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Open AccessArticle Tree Stress and Mortality from Emerald Ash Borer Does Not Systematically Alter Short-Term Soil Carbon Flux in a Mixed Northeastern U.S. Forest
Forests 2018, 9(1), 37; doi:10.3390/f9010037
Received: 22 December 2017 / Revised: 11 January 2018 / Accepted: 13 January 2018 / Published: 16 January 2018
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Abstract
Invasive insect pests are a common disturbance in temperate forests, but their effects on belowground processes in these ecosystems are poorly understood. This study examined how aboveground disturbance might impact short-term soil carbon flux in a forest impacted by emerald ash borer (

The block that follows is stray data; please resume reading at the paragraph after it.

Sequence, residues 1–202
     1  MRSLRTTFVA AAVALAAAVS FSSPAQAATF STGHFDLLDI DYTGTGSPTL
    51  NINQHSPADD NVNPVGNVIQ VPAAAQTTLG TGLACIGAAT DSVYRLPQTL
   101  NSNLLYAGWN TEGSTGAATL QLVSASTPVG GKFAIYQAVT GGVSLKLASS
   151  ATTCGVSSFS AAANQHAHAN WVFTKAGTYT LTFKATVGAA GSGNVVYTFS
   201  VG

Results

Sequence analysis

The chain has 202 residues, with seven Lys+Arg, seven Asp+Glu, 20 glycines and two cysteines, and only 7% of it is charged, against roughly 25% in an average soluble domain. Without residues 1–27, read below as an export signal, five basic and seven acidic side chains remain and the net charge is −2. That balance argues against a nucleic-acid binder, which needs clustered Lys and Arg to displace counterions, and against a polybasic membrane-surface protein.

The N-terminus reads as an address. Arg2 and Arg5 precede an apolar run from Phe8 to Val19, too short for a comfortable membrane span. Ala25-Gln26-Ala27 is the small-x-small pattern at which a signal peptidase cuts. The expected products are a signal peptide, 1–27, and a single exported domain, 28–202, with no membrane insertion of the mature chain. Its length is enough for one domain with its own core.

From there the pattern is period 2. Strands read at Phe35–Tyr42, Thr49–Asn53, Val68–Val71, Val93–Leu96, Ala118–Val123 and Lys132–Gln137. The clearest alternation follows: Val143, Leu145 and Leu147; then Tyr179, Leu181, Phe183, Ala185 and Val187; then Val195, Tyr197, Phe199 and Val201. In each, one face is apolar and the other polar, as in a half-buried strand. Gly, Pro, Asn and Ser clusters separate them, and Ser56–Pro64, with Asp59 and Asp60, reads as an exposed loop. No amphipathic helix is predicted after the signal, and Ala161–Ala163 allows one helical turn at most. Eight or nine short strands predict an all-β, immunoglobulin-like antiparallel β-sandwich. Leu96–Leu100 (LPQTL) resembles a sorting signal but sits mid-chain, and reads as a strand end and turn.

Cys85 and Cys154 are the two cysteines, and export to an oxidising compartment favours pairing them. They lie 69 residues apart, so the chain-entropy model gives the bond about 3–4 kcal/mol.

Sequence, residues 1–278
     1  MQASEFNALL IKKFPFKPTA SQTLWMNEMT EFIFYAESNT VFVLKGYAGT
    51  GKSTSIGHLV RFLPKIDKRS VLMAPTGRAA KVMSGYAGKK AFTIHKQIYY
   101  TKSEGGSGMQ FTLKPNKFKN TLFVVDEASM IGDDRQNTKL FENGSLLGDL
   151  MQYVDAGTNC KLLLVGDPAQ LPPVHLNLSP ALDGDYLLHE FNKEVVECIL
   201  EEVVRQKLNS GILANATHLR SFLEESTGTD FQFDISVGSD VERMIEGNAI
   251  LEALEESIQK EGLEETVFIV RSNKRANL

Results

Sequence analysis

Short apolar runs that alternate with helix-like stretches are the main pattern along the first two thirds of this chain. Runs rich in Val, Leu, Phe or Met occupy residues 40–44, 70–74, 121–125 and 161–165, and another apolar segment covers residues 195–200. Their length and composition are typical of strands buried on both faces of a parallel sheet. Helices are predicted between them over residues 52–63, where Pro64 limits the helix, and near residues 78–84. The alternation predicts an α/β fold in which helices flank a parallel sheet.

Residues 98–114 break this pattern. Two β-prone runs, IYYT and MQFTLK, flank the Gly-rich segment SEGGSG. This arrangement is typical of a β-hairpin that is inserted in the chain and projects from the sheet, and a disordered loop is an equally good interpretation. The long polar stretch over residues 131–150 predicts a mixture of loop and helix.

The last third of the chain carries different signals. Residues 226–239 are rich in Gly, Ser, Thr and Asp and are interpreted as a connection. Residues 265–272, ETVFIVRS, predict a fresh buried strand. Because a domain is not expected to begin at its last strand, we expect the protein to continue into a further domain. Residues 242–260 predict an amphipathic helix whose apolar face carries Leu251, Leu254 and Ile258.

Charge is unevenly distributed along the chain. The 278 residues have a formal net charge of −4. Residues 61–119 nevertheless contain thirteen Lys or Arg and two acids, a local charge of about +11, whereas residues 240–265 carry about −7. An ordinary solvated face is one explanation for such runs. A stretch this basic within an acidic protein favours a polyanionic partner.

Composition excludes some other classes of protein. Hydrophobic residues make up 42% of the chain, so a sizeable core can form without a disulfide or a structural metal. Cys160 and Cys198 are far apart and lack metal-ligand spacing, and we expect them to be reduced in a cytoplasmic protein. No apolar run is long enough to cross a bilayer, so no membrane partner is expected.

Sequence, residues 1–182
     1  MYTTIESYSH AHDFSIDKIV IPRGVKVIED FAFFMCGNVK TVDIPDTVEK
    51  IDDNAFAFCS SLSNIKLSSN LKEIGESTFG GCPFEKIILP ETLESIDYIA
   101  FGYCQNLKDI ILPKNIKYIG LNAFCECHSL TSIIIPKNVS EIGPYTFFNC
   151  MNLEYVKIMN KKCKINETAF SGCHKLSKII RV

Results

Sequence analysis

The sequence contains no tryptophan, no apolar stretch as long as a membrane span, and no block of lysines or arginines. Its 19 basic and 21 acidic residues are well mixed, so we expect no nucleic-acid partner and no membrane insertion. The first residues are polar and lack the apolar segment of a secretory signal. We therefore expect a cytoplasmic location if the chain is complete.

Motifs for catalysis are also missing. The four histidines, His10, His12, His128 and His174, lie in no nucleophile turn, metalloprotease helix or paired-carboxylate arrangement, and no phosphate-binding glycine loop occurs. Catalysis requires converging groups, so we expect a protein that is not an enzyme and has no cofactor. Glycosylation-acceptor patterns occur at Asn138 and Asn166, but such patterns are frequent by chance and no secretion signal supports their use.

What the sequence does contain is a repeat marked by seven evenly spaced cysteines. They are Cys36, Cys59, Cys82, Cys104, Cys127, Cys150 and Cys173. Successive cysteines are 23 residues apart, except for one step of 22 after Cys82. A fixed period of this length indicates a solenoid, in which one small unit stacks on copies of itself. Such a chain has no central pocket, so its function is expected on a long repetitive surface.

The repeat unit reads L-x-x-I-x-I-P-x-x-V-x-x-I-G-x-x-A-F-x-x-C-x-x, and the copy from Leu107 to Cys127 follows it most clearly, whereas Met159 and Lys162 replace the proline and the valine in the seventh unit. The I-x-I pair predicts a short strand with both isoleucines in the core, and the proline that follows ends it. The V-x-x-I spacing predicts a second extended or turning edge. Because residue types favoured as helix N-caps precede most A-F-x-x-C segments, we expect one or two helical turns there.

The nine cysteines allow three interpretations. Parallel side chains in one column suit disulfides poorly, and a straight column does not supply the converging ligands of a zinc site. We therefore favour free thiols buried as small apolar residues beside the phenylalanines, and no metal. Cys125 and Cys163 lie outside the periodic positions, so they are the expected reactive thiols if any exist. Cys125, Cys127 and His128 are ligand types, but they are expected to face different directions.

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Invasive insect pests are a common disturbance in temperate forests, but their effects on belowground processes in these ecosystems are poorly understood. This study examined how aboveground disturbance might impact short-term soil carbon flux in a forest impacted by emerald ash borer (Agrilus planipennis Fairmaire) in central New Hampshire, USA. We anticipated changes to soil moisture and temperature resulting from tree mortality caused by emerald ash borer, with subsequent effects on rates of soil respiration and methane oxidation. We measured carbon dioxide emissions and methane uptake beneath trees before, during, and after infestation by emerald ash borer. In our study, emerald ash borer damage to nearby trees did not alter soil microclimate nor soil carbon fluxes. While surprising, the lack of change in soil microclimate conditions may have been a result of the sandy, well-drained soil in our study area and the diffuse spatial distribution of canopy ash trees and subsequent canopy light gaps after tree mortality. Overall, our results indicate that short-term changes in soil carbon flux following insect disturbances may be minimal, particularly in forests with well-drained soils and a mixed-species canopy. Full article